FOSTER: And does that align with a bottle of wine?

BRITTO: I don't think it does. Not unless the proceeds from the sale of the wine can help the region. He's always been a voice for the voiceless. So if he can find a way to use the profits from the sale of the wine to help people, to maybe build schools and universities.

I haven't heard the -- what they plan to do with the proceeds, but if they've used the proceeds in a way that's befitting of his legacy, then maybe it won't be so bad. But overall, I think that the preservation of the Nelson Mandela brand will help lead to the elevation of his brand.

FOSTER: For the next few decades, I'm sure, the Nelson Mandela brand could always get bigger and bigger and bigger. Is there a risk of, at some point, that all the marketing around the name, if it gets out of control, can actually damage the legacy of the person themselves?

BRITTO: Absolutely. Whenever you allow the dilution of the brand, it weakens it, and it no longer has its power and its strength. Nelson Mandela now really represents everything that we fight and strive for every day in our lives. He represents aspiration. He represents a sense of -- he's really the largest global heroic figure that we have. The most celebrated figure.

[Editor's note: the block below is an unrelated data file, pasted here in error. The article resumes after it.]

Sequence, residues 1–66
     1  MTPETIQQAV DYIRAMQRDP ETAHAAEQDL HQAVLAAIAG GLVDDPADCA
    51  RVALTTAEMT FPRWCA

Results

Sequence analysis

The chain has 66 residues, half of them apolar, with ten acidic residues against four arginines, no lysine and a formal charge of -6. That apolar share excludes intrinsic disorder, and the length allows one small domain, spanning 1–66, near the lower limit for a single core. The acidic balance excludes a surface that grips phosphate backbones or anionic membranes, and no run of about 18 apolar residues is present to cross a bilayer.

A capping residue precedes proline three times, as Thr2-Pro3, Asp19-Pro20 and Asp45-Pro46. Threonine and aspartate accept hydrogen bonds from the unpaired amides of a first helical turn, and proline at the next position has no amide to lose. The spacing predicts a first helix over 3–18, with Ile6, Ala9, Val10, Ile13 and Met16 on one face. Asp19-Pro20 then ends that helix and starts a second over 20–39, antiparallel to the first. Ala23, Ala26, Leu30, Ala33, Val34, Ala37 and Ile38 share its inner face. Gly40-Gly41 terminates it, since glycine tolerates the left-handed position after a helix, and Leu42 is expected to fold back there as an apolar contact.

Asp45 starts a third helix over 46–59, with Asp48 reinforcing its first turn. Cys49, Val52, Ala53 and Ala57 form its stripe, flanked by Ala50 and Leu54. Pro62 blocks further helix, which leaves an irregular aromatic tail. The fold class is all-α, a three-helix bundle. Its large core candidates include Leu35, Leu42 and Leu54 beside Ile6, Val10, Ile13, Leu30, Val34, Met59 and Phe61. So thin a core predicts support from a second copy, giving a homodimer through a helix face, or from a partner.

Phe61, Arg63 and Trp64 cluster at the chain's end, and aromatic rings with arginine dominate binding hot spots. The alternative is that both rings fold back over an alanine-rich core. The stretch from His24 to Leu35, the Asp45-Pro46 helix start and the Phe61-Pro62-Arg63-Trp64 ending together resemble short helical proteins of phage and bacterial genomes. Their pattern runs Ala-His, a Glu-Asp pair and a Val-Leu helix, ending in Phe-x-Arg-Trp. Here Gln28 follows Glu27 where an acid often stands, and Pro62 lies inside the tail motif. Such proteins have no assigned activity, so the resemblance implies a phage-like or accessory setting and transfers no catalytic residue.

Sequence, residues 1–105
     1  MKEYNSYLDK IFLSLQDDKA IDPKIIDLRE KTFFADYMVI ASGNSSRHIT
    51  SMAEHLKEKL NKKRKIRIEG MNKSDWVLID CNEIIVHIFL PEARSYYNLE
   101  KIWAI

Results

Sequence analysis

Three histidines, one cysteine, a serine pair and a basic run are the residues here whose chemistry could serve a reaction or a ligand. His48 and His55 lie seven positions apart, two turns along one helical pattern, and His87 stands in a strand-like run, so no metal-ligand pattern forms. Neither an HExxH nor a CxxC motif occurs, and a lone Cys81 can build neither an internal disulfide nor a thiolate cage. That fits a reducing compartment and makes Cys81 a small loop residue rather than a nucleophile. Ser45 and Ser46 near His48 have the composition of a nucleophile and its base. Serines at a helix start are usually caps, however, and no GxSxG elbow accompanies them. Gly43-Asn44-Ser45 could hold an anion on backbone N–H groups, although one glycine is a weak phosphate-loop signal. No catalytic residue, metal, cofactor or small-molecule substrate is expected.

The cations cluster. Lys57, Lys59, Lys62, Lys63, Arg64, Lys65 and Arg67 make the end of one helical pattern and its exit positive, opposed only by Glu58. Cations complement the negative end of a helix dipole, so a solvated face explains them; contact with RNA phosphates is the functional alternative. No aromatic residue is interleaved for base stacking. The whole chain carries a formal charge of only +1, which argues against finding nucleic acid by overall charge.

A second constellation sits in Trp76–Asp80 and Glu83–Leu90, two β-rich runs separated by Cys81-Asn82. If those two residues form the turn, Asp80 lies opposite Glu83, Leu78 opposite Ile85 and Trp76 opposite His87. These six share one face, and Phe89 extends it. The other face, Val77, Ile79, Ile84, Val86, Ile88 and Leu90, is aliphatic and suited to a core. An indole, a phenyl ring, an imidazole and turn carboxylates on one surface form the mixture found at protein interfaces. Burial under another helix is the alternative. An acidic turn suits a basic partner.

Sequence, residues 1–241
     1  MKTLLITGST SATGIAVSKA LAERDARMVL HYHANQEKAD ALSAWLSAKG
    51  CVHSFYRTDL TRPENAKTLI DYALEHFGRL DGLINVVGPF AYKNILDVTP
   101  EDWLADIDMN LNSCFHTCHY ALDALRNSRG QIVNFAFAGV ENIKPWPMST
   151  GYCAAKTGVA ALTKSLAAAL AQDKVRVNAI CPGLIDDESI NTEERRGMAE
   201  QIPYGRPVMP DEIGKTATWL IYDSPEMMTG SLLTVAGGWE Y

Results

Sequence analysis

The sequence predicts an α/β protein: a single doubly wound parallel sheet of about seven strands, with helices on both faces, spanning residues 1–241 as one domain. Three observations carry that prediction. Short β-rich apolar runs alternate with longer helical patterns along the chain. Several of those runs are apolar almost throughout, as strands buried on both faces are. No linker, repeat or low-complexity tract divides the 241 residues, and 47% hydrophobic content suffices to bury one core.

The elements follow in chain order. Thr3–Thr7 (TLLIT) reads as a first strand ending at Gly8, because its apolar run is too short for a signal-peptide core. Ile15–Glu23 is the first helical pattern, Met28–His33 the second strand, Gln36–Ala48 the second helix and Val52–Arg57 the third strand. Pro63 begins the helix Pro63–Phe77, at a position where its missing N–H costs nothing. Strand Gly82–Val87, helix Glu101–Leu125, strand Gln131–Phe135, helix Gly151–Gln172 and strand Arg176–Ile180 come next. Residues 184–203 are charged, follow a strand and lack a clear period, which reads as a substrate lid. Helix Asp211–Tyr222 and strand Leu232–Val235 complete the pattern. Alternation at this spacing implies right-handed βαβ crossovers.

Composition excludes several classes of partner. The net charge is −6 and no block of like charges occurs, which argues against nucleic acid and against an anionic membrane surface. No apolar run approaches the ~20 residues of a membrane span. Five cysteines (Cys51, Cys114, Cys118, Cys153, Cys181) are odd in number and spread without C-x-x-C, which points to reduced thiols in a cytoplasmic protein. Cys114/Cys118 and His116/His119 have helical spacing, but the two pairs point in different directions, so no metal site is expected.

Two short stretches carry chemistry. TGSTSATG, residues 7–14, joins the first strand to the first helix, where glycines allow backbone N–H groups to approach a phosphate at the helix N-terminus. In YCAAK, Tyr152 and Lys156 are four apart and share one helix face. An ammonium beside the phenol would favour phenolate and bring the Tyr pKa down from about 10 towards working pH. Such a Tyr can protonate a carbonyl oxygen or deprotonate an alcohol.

And so, he really should preserve and be careful what he aligns his brand with. Because certainly his family wants his legacy to be known and felt. But this is not a partnership that I think will do that, unless it's executed in the proper way.

FOSTER: And can we talk a bit about Che Guevara? Because it's true that that image of him has become so pervasive and represents capitalism in a way. Is that an interesting example to you about how a name, an image, can be used? And has that been damaging to him? Because young kids growing up these days wear these T-shirts. They don't really understand where he's coming from in that context.

BRITTO: Absolutely. They wear the T-shirts and some know what it means, and others don't. But if you think about heroic African-Americans in America, for instance, Martin Luther King or Malcolm X and others, you really wouldn't want to see their names or faces on a bottle of wine.

So we really aren't sure how they want the interpretation to be received. But I think with Mother Theresa and others, as you pointed out, you have to be very careful with the alignment and the partnerships and what it represents. Not only in the present, but what it will represent in the future. And Nelson Mandela has such a powerful, powerful brand equity, that it's important that it be preserved and that the right partnership -- so that his legacy will be really known for the work that he really strove hard his entire life to build and really represent.

FOSTER: Marvet Britto, thank you so much for joining us on the program. Great stuff.

BRITTO: You're welcome.

FOSTER: Let's take a look at some best videos coming into us today, then. And a racer in Brazil accidentally putting a sun roof on his competitor's truck in Sao Paulo over the weekend. The brakes on his vehicle failed, and his truck was launched over and into a fellow-racer's vehicle. Rescue crews helped free both drivers, who walked away unharmed, you'll be glad to hear.